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by Richard Milazzo

Collages by Daniel Rothbart

Tsukuda Island Press / Publication date: July 2024 Price: $27.00 paperback / ? Pages / ISBN: ? Available at and various other book vendors

Since both the writer, Richard Milazzo (who cannot bear the nomenclature ‘poet’ in what he calls a world of Global Corporate Imperialism, and who prefers to see himself simply as a ‘cultural traveler’), and the artist, Daniel Rothbart (a sculptor – whom one might even describe as a secular Buddhist, at least in spirit – who, in this book, insinuates his rather enigmatic forms into appropriated antique postcard and postcard-like imagery), have written texts about each other in More Fugitive Than Light: Poems of Rome, Venice, Paris, 2016-2017, it only makes sense to quote their opinions about each other’s works in this collaboration, both of whom have a particular propensity and appreciation for this delicate art of negotiation (a.k.a collaboration), even where it tests the asymptotic thresholds or half-science of aesthetic tolerance.

           About Rothbart’s collages, the author writes: “Here is the central question pertaining to a body of work, not only to Daniel Rothbart’s collages in this book but to his work in general, which intentionally appears to have no center, no centralized iconic signifier or meaning: what is the significance of these entities, these creatures, made of aluminum and found glass orbs which have broken away from Japanese fishermen’s nets on the other side of the world and floated across the ocean to our Pacific shores here in the U.S., and which, when coupled together, seem to float, to fly, in and out of multiple worlds, like satellites orbiting, intervening upon, innumerable galaxies, without leaving any trace of a stable signified? Are they bracketing peripheries without centers or centers without peripheries? Because, as Yeats once put it, ‘the center does not’ and will ‘not hold,’ or because Rothbart is asking the related question Rilke once asked in one of his magisterial but mystery-driven elegies: ‘Who, if I cried out, would hear me among the angelic orders? And even if one of them suddenly deigned to press me against his heart, I should fade in the strength of his stronger existence. For beauty’s nothing but the beginning of terror we’re still just able to bear.’”

           And here is what the artist has written about the author’s verses: “His texts traverse cultural, geographic, temporal, ideological and political boundaries, united by a unique sensibility and informed by a multidimensional relationship with language. His passion for the printed word encompasses not only his well-known work as a curator, critic of contemporary art, and independent scholar, but also the literary forms he utilizes in his verse: what he has called in the past, his ‘story and history poems’ and his ‘faux sonnets.’ The published oeuvre reflects his fascination with diverse cultures, skirting a love-hate relationship with his native New York City and embracing many of the storied cities of Europe, such as Paris and Venice, and such Far Eastern destinations as Saigon, Phnom Penh, Seoul, Tokyo and Kyoto.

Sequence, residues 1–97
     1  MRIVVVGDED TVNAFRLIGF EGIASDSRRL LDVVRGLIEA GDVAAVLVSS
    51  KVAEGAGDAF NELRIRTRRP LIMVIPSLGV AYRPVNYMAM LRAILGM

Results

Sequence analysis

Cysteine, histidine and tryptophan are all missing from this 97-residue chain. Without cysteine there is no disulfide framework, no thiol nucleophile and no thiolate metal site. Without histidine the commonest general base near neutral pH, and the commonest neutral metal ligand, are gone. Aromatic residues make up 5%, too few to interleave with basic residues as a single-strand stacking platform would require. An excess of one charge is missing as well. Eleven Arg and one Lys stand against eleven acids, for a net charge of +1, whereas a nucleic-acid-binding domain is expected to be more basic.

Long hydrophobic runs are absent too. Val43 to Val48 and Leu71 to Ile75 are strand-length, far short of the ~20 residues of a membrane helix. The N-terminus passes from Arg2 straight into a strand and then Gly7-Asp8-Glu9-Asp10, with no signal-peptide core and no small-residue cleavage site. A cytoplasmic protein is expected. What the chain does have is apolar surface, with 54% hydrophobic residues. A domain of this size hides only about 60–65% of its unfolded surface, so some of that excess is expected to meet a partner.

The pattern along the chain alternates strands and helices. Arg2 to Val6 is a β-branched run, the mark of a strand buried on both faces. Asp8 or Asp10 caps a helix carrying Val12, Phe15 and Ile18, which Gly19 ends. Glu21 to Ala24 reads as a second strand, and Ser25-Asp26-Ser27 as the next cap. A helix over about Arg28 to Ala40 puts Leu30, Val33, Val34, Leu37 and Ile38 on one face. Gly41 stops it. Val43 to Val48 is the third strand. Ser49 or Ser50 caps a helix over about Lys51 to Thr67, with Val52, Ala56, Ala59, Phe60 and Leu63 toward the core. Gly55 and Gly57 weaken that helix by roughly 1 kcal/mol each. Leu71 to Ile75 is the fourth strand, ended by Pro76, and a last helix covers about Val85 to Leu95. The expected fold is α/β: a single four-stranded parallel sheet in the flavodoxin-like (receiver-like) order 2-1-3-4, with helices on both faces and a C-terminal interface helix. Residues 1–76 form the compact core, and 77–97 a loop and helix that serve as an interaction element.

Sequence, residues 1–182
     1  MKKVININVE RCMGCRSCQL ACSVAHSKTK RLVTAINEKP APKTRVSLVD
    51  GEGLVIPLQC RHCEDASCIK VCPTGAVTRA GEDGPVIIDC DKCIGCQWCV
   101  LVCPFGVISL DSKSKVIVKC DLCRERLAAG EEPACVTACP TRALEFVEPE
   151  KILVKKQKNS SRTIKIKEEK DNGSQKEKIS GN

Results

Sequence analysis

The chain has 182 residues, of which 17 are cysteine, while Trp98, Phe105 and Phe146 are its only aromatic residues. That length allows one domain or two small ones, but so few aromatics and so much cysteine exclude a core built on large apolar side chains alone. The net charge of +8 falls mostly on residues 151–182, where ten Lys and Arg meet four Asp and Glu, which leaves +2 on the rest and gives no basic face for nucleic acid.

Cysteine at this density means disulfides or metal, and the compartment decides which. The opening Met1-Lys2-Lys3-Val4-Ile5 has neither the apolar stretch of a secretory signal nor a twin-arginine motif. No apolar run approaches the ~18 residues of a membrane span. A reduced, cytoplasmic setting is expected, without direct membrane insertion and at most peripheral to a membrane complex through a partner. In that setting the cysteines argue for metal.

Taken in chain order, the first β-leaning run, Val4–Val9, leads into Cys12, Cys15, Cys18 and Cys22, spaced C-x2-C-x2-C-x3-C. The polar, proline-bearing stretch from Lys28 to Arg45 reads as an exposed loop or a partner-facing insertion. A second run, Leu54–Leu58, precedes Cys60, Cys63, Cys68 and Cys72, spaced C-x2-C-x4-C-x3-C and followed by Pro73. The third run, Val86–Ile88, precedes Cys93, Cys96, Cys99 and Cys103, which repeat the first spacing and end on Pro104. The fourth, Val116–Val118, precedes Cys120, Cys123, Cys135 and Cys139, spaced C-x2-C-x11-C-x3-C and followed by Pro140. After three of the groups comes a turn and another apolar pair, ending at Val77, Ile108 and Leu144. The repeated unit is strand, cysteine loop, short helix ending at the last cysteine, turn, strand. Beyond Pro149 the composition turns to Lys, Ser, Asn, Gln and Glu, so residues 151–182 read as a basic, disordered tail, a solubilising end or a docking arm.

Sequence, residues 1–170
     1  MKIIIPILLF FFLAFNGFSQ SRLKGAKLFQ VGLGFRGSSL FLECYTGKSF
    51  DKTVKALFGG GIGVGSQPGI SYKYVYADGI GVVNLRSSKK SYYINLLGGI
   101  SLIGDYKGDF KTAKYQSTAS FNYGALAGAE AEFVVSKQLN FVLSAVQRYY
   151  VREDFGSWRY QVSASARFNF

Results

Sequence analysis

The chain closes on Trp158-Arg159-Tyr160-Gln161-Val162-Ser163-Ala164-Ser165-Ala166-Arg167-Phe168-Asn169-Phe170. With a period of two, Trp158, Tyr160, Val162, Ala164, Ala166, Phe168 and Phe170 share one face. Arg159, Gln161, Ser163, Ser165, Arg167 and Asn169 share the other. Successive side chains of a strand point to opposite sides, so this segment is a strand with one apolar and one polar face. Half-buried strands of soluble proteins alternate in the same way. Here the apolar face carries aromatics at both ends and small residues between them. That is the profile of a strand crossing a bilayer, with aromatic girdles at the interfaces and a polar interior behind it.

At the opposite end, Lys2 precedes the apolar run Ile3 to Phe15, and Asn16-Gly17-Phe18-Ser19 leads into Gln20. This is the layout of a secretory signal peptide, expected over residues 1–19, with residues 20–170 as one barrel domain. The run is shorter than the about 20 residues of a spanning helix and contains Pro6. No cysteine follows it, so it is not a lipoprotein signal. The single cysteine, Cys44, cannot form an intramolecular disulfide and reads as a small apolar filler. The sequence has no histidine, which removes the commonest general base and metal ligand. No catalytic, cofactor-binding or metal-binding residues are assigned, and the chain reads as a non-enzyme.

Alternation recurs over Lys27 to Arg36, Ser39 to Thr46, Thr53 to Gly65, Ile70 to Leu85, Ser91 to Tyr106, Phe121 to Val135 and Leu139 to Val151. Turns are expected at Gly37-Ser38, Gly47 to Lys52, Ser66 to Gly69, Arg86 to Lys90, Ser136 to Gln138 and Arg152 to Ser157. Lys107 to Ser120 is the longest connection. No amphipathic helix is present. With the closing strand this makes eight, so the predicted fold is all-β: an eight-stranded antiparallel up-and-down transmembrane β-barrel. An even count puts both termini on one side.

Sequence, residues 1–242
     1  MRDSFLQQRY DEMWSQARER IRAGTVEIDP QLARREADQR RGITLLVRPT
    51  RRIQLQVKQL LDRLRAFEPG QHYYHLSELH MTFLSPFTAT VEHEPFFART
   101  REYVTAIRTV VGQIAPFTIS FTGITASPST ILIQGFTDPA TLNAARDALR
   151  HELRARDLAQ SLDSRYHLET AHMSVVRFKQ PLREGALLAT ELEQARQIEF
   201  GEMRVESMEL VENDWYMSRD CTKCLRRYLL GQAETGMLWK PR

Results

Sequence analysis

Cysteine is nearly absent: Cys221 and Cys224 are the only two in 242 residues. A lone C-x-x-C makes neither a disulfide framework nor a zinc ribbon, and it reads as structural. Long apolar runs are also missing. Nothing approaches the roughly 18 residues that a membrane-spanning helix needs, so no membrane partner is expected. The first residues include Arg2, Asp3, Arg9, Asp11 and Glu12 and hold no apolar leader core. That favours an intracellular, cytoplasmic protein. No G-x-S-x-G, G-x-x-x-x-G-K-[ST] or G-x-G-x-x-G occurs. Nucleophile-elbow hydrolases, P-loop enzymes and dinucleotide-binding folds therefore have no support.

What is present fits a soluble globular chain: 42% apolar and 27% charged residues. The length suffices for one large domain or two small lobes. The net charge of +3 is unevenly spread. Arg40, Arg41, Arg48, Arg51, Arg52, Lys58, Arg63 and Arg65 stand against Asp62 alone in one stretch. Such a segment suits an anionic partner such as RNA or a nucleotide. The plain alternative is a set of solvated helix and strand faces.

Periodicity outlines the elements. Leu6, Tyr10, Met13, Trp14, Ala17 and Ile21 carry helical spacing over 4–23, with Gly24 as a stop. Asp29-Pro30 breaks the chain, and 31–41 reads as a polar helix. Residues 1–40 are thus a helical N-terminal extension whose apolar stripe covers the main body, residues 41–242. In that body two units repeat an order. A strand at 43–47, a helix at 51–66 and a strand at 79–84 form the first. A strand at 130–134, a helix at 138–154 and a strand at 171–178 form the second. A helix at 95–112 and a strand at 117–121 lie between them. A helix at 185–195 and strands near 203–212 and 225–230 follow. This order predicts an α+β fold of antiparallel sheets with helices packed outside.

“However, Richard does not romanticize distant cultures but writes about his chosen subjects with empathy and pathos. Hiroshima, Nagasaki, and the death camps of Eastern Europe are never far from his consciousness, and he perceives them as an ever-present reality. If Shelley wrote that ‘Poetry lifts the veil from the hidden beauty of the world, and makes familiar objects be as if they were not familiar,’ then our author’s verses are also devoted to lifting the veil hiding the unseemliness of these darker worlds of humanity (he seems to think there are many, one around every corner), and fearlessly familiarizing us with them.

           “It is in the spirit of this bleak context that the author urges us to take the words of the emblem at the beginning of this book to heart: ‘About the light we know a little; but what about the darkness at the end of the tunnel, the tenderness dying, even as it inundates us, condemned as we are to repeat it as an existential mantra given to us as if by the Book of the Dead?’ A mantra that seems to echo J. Robert Oppenheimer’s infamous words ‘Now I am become Death, the destroyer of worlds’ from the Bhagavad Gita.”

           More Fugitive Than Light contains two introductory essays and 68 collages which endeavor to mirror the verses in an analogical manner. There is nothing faint-hearted here about the verses or the collages, however much they may strike us as profoundly romantic and even spiritual in character. About Rothbart’s work, in general, Wayne Koestenbaum writes: “Rothbart is a master of serene, coruscating surfaces, and of the depths they hide; artificer, flâneur, ruminator, wanderer, scholar, he seems not to inhabit contemporary time, but to dwell in several temporalities simultaneously, like Spinoza astrally projecting himself into the lithe body of a Situationist, then backtracking to star in Ben-Hur, and plummeting even farther netherward to glide on the never-drowning Raft of the Medusa.”

      Rothbart writes: “I think Richard’s fear that he will prove to be a ‘jack of all trades, [but] a master of none’ is utterly unjustified. But even if the worst were to transpire, which I’m sure he believes is his fate, what we should remember is this phrase was originally invented to criticize the actor-turned-playwright, William Shakespeare! Not bad company, even if eventually even Will will be thrown under the bus of political correctness and cancel culture, and this portion of the canon, too, will be cancelled, and Will decanonized.”



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